Combine cardio and resistance training. No workout is truly complete unless you've raised your heart rate and challenged your muscles. The best trainers combine cardio and resistance training to maximize your workout. While circuit training offers one path to a complete workout, perhaps you will want to tackle some cardio on your own before or after a session. "Even if weight loss is your goal and you're focused on the calorie-burning power of cardio, don't underestimate the need to build muscle with weight lifting and other resistance exercise," Peraino said. This approach builds lean body mass – key to the body's metabolic rate - and is important to protect when losing weight.
Beware the salesman. It's common for clients to need to change their diet to meet their fitness goals. When resistance training gets added into a routine, clients often need to boost their protein intake, which they also may need to increase when dropping weight so as to protect from loss of muscle mass. While trainers can offer counsel on dietary topics, be wary of those too eager to ignore the exercise regimen while promoting specific supplements, protein drinks or fat burners. There are no "miracle" products or pills on the market – fitness requires old-fashioned, hard work.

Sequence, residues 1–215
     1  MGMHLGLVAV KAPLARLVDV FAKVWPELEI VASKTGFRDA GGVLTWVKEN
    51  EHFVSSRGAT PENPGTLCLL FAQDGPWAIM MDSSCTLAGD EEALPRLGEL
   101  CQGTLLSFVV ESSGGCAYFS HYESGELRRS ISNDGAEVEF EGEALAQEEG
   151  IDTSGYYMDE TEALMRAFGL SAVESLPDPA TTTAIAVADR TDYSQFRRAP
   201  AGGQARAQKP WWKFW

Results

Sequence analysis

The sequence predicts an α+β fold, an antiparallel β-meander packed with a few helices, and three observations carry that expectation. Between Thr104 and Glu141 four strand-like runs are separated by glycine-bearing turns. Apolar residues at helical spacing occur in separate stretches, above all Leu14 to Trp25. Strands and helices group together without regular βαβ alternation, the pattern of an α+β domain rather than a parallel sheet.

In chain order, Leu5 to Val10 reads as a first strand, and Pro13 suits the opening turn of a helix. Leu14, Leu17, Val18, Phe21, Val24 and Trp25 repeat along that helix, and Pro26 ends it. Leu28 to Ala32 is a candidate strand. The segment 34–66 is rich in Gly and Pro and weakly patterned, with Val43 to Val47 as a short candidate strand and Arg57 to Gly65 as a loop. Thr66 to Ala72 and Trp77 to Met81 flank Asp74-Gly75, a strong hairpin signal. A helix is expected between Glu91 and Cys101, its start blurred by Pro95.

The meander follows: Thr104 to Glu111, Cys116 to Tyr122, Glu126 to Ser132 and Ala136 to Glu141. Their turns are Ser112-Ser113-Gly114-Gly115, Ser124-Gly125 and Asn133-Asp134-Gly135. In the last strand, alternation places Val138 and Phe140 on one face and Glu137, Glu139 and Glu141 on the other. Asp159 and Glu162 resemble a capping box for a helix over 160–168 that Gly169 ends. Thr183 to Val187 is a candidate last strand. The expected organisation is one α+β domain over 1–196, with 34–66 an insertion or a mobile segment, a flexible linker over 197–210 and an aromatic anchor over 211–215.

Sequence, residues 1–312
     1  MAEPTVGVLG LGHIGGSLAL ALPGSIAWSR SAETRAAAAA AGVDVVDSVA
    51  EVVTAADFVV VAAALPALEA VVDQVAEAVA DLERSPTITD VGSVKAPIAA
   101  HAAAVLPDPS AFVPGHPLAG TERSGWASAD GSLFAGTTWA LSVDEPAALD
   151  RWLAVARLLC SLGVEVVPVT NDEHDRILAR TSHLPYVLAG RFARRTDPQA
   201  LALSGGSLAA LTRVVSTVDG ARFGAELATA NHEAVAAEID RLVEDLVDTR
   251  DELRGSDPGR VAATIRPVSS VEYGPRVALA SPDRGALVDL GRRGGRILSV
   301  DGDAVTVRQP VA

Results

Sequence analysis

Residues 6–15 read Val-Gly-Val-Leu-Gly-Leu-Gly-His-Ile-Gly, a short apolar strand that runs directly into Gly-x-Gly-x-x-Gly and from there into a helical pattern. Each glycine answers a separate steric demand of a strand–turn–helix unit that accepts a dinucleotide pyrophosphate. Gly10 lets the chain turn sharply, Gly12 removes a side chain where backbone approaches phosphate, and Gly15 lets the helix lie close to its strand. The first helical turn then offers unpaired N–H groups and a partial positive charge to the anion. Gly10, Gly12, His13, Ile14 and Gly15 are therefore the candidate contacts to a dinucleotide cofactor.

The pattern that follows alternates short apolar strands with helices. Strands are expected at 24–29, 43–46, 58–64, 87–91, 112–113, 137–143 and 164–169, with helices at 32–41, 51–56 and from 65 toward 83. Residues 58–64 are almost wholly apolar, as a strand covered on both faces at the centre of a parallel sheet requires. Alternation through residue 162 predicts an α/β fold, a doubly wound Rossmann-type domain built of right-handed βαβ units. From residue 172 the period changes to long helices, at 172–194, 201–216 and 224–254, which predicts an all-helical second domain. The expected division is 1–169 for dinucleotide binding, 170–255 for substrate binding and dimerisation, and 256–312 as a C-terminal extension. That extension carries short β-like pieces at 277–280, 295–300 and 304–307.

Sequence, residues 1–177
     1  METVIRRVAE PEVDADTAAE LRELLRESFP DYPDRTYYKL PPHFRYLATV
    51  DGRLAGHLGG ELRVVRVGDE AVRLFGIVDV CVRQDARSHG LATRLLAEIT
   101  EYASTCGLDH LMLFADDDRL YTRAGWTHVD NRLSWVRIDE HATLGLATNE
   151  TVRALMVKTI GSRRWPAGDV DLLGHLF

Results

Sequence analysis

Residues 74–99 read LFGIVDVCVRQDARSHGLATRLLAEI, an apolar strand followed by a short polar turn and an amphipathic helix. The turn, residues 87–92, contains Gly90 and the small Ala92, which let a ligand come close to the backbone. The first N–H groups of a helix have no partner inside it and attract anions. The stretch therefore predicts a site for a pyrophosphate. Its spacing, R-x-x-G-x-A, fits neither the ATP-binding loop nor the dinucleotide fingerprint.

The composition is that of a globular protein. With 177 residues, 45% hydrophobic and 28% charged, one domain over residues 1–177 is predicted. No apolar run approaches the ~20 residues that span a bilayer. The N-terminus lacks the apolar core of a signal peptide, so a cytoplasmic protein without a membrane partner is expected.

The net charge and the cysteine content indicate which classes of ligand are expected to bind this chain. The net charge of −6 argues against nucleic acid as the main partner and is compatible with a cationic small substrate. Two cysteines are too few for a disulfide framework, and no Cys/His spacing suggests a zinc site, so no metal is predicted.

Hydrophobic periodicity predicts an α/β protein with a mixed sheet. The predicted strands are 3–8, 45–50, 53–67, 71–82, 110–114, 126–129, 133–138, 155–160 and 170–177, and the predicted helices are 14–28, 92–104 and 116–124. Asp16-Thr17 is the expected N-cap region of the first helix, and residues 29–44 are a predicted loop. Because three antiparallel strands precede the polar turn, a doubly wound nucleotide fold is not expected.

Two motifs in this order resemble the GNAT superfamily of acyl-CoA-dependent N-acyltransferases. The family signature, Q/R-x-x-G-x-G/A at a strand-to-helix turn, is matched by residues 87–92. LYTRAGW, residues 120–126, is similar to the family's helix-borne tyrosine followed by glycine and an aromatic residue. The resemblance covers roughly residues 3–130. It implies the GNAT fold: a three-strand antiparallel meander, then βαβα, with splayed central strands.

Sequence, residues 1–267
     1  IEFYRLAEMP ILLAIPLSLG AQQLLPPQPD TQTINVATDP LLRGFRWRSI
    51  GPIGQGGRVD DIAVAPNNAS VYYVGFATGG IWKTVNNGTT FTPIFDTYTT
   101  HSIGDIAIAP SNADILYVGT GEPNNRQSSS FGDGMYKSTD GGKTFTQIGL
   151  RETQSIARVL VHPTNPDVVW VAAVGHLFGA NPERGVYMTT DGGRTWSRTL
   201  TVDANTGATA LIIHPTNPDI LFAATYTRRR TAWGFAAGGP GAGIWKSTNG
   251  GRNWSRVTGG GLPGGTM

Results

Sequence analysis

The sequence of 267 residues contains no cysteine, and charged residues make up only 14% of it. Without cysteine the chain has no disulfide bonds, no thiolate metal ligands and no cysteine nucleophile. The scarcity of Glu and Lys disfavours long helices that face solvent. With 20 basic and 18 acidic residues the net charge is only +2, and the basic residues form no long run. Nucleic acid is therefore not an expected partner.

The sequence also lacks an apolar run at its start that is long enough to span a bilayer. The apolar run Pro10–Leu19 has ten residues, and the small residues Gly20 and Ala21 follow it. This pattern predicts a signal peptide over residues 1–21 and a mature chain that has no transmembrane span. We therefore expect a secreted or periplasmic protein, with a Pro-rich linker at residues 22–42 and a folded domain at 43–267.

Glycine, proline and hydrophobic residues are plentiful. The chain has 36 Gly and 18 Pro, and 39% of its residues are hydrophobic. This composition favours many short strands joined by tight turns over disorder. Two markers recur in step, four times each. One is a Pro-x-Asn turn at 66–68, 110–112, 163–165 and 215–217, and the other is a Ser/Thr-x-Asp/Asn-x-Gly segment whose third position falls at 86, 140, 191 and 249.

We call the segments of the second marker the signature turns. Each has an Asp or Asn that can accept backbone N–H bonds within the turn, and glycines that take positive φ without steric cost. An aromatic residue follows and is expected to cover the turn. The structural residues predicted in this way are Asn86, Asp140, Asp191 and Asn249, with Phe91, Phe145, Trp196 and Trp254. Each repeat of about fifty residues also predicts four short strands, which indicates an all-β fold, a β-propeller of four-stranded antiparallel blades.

"When you screen carefully, personal training can be an excellent investment in fitness," Peraino said. "Remember that investment doesn't need to break the bank. The most expensive trainers aren't necessarily the best. Many trainers will consider semi-private sessions so you can split the cost with a friend. Just be sure that friend has needs and goals that are similar to yours."
The Cedars-Sinai Weight Loss Center offers a multi-disciplinary approach in which patients are evaluated by a physician, surgeon, dietician and social worker to determine which weight-loss intervention is best for them. The center offers the most leading-edge surgical techniques available to address issues of obesity as well as non-surgical comprehensive plans for weight loss that address medical, behavioral and nutritional issues related to weight loss.